Ukraine – From a Pool of Developers to an International Tech Hub
By Paula Pärnaste and Mykyta Tsylyuryk, LIFT99 Kyiv Hub
The country that is currently a pool of tech talent for many huge American and Western European IT companies will soon become an ocean of successful startups. The writings are already on the wall.
Today, Ukraine is home for more than 120.000 IT professionals – most of them developers. And the number is expected to double to over 200.000 by 2020 according to the IT Ukraine Report. It is the good price-to-quality ratio that makes it one of the primary destinations for tech giants like Microsoft, Boeing and Magento to outsource their software development needs from.
The new middle-class of Ukraine
The high demand for IT talent has created a win-win situation. On the one hand, global tech companies have found a source for highly qualified tech workforce that is in short supply everywhere. On the other hand, the Ukrainians working in tech and receiving salaries either in dollars or euros have become the new middle-class of Ukraine.
“Working in IT and having a global job is very attractive for young Ukrainians,” says Yuliana Oselska, Head of Marketing at YouTeam, a Ukrainian startup building a marketplace for international development teams. “Firstly, they can access the world’s top-tier IT projects and gain invaluable experience working with the best specialists from all over the world without having to leave their home country. Secondly, the ‘remote’ nature of the IT industry makes it possible to remain in the country with the cost of living significantly lower than their salaries.” Some even say working in tech has become a shortcut to a luxurious lifestyle.
To put things in perspective: the average salary in Ukraine is about $320, while the average salary in IT $2.000. This is the reason behind why technology and English courses are becoming widespread and the amount of ‘switchers’ – people who move from other specialities to IT – is growing exponentially. The IT sector currently accounts for approximately 3.5% of Ukraine’s GDP and promises to reach almost 9% by 2025 according to the IT Ukraine Association’s report released in January 2018.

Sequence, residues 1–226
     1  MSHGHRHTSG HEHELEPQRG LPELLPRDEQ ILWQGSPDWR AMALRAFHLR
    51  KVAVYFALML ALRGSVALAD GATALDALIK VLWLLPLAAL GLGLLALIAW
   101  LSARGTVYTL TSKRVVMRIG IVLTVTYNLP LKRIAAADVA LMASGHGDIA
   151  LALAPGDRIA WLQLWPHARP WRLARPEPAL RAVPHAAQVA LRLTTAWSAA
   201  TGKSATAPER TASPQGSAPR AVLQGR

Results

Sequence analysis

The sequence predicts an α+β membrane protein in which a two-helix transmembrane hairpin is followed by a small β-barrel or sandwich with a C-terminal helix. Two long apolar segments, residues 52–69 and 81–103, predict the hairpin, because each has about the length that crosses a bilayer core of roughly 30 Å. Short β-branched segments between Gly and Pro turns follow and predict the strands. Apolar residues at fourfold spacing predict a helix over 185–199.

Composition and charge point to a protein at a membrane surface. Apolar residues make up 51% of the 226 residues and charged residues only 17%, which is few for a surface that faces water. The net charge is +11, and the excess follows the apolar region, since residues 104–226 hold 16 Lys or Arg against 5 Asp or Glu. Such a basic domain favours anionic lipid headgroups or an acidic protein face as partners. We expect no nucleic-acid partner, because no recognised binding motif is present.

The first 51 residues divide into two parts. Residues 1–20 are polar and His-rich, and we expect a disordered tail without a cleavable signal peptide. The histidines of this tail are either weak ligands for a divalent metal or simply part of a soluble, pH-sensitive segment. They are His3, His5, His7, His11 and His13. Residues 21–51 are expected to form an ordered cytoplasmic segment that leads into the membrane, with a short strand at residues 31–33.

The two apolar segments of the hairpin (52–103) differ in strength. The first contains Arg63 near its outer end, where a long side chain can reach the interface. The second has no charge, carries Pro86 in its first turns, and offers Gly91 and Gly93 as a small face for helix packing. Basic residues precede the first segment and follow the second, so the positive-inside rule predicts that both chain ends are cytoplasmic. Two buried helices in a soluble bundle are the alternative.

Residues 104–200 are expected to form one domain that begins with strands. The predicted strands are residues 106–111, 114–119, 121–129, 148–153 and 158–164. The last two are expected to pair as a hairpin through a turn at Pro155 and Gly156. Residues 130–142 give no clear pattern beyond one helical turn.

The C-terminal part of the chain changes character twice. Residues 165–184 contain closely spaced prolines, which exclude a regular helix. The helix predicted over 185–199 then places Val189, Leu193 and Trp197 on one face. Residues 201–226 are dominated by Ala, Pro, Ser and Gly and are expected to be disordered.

The new wave of entrepreneurs
Ukraine’s challenging situation, both economically and politically, including Euromaidan in 2013, the Crimea annexation in 2014 and the ongoing war in the East, has raised a young generation of hopeful reformers. It’s a generation full of motivation and willpower – the people who are ready to be the change in the country. Combined with the abundance of tech talent, it’s not a surprise that startup success stories have started to emerge.
To name a few, Grammarly, Looksery and Viewdle are part of the globally successful wave of startups that inspire Ukrainians to start their own companies. The online grammar checking tool Grammarly raised $110 million in 2017, the real time facial modification Looksery was bought by Snapchat for $150 million in 2015 and the face recognition software Viewdle was acquired by Google already back in 2012 for $45 million. The increase in the flow of money and investments is creating the desire of other founders for their company to become the next success story – perhaps even a unicorn.
“It’s true – many people in Ukraine including entrepreneurs are hungry for success,” says Max Ischenko, the founder of DOU.ua, the biggest community of developers in Ukraine. “We see what’s possible and we want the same for ourselves. Many are willing to work long hours, including the weekends, and a situation when everybody gets up and leaves at 6pm is rather an exception than a rule. What Ukraine needs is a breakaway story like Skype to put this energy into overdrive.”
Kyiv – the next startup city?
Kyiv has all the signs for turning the Ukrainian startup scene into one that’s as vibrant and buzzing as Berlin or Tel Aviv, if not more. There are numerous events happening every day including empowering hackathons, workshops, meetups, conferences – many of them including big internationally known names. New coworking spaces are springing up like mushrooms after rain and the waiting lists for some of the more popular central ones are being filled before the doors open. Alongside incubators and accelerator programs, these coworking spaces help young startups to mature and grow into strong tech companies.
“Ukraine has excellent talent – the challenge is to bring it to the next level, boost the entrepreneurial spirit in the country,” says Ragnar Sass, the CEO and Founder of LIFT99. “To illustrate the potential for entrepreneurship in Ukraine, take the example of Estonia: the small country has around 500 startups for a total population of 1.3 million people. Ukraine has around 2.000 startups for a population of 44.8 million people – that’s 8 times less. If Ukraine had the same startup-to-population ratio as Estonia, the number of startups in Ukraine would skyrocket from 2.000 to 17.000.” Let’s do it!
See you in Kyiv!